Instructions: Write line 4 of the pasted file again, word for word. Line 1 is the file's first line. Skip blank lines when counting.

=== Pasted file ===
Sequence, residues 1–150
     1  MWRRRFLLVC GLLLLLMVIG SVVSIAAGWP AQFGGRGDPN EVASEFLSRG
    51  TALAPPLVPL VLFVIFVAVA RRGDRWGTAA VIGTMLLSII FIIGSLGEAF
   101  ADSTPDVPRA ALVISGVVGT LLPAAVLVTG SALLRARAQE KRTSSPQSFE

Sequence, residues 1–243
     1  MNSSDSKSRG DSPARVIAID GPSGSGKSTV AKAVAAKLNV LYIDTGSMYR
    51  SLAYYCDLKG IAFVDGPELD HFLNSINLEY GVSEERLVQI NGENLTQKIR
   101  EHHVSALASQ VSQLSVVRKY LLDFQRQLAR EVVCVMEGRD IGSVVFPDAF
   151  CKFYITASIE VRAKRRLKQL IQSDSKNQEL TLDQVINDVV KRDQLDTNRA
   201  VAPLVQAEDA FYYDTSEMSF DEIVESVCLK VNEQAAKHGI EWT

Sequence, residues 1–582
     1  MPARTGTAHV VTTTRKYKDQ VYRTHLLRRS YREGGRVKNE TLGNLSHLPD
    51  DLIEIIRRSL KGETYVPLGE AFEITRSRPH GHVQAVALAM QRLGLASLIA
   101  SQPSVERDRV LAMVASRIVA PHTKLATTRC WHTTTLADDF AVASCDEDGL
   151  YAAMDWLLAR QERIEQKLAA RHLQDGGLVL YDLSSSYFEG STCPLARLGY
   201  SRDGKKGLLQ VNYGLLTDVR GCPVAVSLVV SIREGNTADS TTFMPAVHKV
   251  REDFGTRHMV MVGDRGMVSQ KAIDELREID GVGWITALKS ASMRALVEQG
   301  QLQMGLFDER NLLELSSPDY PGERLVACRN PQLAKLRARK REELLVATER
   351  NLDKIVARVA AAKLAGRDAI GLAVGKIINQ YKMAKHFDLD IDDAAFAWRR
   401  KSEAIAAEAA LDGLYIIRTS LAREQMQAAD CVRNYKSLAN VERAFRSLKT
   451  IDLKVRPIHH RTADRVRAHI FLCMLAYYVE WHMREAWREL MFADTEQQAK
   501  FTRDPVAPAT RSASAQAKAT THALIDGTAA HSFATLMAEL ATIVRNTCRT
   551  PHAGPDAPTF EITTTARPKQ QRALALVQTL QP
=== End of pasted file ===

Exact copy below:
   101  ADSTPDVPRA ALVISGVVGT LLPAAVLVTG SALLRARAQE KRTSSPQSFE